Many governments are stocking up on vaccines and antiviral drugs to reduce the spread of respiratory infections, such as avian influenza and SARS, but a new review suggests that simpler, cheaper measures also have a role to play.
A worldwide review of 51 previous studies, published in the British Medical Journal, suggests that simple infection-control measures can be very effective in preventing the spread of respiratory infections, at a fraction of the cost of drug treatment.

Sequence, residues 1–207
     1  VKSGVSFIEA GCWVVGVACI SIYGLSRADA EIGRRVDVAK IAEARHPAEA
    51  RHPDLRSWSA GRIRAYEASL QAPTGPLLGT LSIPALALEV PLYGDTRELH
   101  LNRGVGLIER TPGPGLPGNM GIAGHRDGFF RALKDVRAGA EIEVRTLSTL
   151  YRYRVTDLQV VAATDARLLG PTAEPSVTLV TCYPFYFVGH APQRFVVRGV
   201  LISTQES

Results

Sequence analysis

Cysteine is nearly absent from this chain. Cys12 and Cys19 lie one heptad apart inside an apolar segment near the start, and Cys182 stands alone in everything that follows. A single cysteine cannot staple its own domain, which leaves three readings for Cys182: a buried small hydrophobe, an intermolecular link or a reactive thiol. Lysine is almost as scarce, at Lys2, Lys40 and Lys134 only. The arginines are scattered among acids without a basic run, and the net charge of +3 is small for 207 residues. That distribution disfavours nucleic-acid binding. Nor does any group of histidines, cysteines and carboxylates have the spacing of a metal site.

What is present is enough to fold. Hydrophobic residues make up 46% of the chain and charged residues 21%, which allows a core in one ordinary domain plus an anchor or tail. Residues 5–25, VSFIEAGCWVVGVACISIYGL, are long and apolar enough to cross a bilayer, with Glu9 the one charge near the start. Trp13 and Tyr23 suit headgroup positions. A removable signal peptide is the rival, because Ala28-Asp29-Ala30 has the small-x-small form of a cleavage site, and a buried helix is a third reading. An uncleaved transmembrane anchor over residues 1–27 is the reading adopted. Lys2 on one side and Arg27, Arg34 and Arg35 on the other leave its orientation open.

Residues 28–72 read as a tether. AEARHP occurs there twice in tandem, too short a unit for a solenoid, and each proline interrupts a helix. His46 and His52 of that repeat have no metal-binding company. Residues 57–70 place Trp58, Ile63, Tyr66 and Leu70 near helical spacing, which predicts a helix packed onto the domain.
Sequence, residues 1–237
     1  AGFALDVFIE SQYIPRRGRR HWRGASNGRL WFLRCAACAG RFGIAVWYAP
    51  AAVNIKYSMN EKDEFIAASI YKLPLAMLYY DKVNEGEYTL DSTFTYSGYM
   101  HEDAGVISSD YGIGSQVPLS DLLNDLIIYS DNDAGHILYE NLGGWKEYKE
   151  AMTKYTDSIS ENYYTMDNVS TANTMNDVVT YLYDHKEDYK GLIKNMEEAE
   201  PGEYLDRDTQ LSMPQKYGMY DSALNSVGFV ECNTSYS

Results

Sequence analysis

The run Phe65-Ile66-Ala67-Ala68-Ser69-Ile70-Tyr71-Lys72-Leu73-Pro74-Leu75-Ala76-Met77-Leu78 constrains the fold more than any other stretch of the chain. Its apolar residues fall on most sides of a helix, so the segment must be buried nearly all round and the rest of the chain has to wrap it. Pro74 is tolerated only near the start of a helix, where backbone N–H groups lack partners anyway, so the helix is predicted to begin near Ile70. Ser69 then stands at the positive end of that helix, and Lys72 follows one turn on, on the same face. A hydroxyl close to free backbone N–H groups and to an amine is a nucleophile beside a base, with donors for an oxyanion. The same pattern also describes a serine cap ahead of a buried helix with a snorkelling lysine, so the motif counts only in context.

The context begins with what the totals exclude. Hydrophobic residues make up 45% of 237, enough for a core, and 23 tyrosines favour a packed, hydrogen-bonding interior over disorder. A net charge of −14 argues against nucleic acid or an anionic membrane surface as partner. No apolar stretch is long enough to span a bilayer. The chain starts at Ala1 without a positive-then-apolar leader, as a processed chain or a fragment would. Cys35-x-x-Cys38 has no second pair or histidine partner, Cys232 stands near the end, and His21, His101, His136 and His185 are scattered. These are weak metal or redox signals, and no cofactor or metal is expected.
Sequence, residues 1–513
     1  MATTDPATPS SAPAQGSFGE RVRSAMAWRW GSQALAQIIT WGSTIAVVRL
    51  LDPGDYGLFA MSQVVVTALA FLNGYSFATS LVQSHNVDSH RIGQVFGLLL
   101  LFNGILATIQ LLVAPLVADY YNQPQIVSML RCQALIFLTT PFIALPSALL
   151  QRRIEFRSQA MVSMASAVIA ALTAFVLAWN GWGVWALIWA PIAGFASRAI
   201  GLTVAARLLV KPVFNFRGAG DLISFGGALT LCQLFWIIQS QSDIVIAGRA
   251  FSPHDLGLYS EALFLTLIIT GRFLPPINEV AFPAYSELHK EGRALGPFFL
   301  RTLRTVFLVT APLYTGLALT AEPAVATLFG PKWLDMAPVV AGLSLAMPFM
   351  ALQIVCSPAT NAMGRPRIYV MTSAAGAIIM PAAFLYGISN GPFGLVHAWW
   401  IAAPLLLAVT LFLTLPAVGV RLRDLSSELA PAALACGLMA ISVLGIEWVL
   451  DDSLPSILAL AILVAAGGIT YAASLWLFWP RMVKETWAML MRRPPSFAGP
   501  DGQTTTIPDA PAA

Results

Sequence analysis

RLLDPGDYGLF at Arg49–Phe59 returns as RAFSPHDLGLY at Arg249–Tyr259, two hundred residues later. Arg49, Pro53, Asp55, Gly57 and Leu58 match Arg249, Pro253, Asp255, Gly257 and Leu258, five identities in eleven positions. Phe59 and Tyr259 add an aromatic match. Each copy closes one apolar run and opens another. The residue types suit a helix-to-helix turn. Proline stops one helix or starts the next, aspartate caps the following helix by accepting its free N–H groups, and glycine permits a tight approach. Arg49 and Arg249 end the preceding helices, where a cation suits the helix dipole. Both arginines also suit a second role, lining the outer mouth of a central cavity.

The scientists looked at the ability of combined public health measures such as personal hygiene, distancing, and barriers (for instance masks, gowns and gloves) to interrupt or reduce the spread of respiratory viruses.
The results found that wearing masks, gloves and gowns, along with frequent hand washing – particularly in children – can cut the transmission of respiratory viruses. Separately, these measures have been shown to impede the spread of SARS, with estimates of effect ranging from 55% to 91%. “In fact, combining these measures may be more effective than prescribing antiviral drugs in the event of a pandemic,” says the study.